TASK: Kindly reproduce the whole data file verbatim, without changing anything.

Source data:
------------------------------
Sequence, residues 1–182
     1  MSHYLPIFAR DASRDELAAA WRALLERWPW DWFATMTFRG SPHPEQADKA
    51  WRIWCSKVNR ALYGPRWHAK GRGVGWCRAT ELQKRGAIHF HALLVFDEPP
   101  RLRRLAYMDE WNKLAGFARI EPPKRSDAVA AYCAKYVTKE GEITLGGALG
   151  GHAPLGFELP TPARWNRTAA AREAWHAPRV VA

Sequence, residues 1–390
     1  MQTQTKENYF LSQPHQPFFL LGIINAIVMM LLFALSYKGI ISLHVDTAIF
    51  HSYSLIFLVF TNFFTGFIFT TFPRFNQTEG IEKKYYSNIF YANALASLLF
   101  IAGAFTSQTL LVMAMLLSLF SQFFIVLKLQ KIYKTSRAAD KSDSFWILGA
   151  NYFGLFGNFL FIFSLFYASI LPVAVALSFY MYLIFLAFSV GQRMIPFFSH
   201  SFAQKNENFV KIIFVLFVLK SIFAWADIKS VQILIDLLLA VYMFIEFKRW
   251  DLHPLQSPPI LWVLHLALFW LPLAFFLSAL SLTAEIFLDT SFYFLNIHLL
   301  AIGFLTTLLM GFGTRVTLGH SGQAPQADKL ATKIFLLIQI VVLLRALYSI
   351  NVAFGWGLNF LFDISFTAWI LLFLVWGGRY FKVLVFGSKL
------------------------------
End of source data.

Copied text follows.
Sequence, residues 1–182
     1  MSHYLPIFAR DASRDELAAA WRALLERWPW DWFATMTFRG SPHPEQADKA
    51  WRIWCSKVNR ALYGPRWHAK GRGVGWCRAT ELQKRGAIHF HALLVFDEPP
   101  RLRRLAYMDE WNKLAGFARI EPPKRSDAVA AYCAKYVTKE GEITLGGALG
   151  GHAPLGFELP TPARWNRTAA AREAWHAPRV VA

Sequence, residues 1–390
     1  MQTQTKENYF LSQPHQPFFL LGIINAIVMM LLFALSYKGI ISLHVDTAIF
    51  HSYSLIFLVF TNFFTGFIFT TFPRFNQTEG IEKKYYSNIF YANALASLLF
   101  IAGAFTSQTL LVMAMLLSLF SQFFIVLKLQ KIYKTSRAAD KSDSFWILGA
   151  NYFGLFGNFL FIFSLFYASI LPVAVALSFY MYLIFLAFSV GQRMIPFFSH
   201  SFAQKNENFV KIIFVLFVLK SIFAWADIKS VQILIDLLLA VYMFIEFKRW
   251  DLHPLQSPPI LWVLHLALFW LPLAFFLSAL SLTAEIFLDT SFYFLNIHLL
   301  AIGFLTTLLM GFGTRVTLGH SGQAPQADKL ATKIFLLIQI VVLLRALYSI
   351  NVAFGWGLNF LFDISFTAWI LLFLVWGGRY FKVLVFGSKL